National Domestic and Family Violence Bench Book
‘Aggravating factor’ – ‘Effect of guilty plea’ – ‘Intention’ – ‘Murder’ – ‘Non-parole period’ – ‘Physical violence and harm’ – ‘Violence restraining order’ – ‘Vulnerable - women’
Appeal Type: Appeal against sentence.
Facts: The appellant had been in a relationship with the deceased for some three and a half years before the relationship ended. The deceased obtained a violence restraining order against the appellant which prohibited him from coming within 100m of her home or work and within 20m of her person. The appellant went to the deceased’s house for the purpose of discussing the restraining order – he wanted to ask the deceased to remove the restraining order because it would be difficult to renew his licence as a car dealer with the restraining order in place. When she yelled at him to get off the property, he hit her with a rubber mallet multiple times until she lost consciousness. He then hit her with a brick. She sustained severe head injuries and she later died. The appellant did not seek medical attention for the deceased. He was sentenced to life imprisonment with a minimum non-parole period of 16 years. The appellant had some history of domestic violence – an ex-partner had obtained a violence restraining order against him after he stalked her and punched her several times.
- Whether the original sentence was within range of comparable sentences and whether the trial judge gave sufficient weight to the prosecution’s concession that the appellant only intended to cause grievous bodily harm, not death.
- Whether the trial judge failed to give sufficient weight to the early plea of guilty in combination with the long non-parole period.
Decision and Reasoning: The appeal was upheld in respect of ground 2.
- This argument was dismissed. Wheeler JA (with whom Owen JA and McLure P agreed) firstly accepted that given the value which the community places on human life, it is likely that (generally) killing with intention to cause death will be more seriously regarded than killing with the intention to cause grievous bodily harm. However, this will not always be the case, and intention is only one of a range of relevant factors in determining an appropriate sentence (see at -). Indeed, there were other aggravating factors which were relevant in this case. These included – ‘the brutality of the attack on a defenceless woman, the fact that two weapons were used, the stalking behaviour which occurred in the months leading up to the attack, the presence of the violence restraining order, and the appellant's callous disregard for the victim's obvious need for medical attention’ (see at ).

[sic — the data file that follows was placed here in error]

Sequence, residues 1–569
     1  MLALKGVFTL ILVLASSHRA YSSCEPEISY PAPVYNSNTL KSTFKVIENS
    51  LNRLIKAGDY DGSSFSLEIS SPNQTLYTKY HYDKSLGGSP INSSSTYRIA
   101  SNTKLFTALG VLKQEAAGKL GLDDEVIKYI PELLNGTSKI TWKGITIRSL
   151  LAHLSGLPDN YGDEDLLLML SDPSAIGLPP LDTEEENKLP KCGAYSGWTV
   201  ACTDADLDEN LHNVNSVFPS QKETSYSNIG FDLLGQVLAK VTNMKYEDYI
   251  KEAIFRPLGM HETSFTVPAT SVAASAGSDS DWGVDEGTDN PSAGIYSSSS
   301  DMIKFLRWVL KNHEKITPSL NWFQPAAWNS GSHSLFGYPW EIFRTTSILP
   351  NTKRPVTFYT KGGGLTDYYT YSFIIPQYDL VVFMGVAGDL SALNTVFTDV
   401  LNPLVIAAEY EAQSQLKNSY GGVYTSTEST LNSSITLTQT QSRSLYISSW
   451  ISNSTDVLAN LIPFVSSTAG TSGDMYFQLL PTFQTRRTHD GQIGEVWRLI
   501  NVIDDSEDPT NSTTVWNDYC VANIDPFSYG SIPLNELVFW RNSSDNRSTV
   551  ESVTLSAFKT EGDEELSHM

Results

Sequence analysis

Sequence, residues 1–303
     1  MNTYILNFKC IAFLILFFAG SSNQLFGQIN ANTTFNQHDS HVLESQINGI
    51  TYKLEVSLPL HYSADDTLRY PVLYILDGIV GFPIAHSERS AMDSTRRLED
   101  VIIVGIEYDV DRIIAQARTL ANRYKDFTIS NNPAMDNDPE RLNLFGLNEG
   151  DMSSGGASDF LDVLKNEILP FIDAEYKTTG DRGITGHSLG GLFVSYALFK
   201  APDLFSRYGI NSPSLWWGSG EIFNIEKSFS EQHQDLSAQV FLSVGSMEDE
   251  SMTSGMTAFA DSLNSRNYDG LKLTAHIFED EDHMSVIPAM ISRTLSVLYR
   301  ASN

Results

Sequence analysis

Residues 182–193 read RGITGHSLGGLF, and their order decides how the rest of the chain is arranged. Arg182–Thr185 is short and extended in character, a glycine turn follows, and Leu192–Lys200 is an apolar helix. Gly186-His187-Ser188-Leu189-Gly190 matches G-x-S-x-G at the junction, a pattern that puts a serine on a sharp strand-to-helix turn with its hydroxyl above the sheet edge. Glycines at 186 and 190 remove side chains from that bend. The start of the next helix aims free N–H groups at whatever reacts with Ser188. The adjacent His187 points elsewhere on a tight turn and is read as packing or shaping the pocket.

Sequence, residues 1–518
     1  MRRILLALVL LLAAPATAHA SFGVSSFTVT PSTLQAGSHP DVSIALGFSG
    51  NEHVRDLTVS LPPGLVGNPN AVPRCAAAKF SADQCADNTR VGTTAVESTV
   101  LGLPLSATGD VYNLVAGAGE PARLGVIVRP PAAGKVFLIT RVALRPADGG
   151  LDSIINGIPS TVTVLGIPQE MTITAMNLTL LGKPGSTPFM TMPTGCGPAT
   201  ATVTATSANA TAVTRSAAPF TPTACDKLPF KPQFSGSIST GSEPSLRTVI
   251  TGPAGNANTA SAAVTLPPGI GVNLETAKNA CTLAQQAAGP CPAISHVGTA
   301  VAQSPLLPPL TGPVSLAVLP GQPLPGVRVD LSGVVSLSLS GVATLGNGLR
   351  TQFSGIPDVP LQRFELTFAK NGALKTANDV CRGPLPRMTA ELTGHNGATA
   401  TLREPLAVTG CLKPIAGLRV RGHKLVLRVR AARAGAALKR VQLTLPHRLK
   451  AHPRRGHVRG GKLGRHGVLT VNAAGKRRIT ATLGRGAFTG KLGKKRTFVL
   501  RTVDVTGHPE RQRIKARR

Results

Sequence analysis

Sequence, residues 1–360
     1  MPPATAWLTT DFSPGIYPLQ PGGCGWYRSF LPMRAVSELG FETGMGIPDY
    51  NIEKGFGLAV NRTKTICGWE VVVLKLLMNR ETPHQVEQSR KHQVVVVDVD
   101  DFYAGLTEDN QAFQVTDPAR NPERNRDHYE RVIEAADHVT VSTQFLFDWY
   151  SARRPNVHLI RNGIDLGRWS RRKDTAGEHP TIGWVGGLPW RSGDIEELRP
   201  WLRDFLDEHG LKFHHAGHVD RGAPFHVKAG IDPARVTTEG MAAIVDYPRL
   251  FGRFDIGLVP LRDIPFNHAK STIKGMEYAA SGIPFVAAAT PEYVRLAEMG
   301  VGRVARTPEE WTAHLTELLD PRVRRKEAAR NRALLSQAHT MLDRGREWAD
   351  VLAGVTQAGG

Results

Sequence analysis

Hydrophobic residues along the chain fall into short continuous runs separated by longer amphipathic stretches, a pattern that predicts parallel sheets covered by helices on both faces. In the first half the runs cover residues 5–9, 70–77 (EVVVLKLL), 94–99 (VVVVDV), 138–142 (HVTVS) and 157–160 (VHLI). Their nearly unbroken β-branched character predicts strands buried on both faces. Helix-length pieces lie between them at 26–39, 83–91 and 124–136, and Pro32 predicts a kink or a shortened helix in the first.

- The trial judge did not state that the guilty plea was a mitigating factor for which some reduction in sentence should be made. Furthermore, both parties accepted that that a non-parole period of 16 years was severe for an offence involving no premeditation and a relatively brief (albeit violent) attack. Wheeler JA stated that where an early plea can be regarded as a mitigating factor, sentencing judges should expressly state in open court that a reduction in sentence has been made for that reason (see at ). The non-parole period was reduced to 14 years.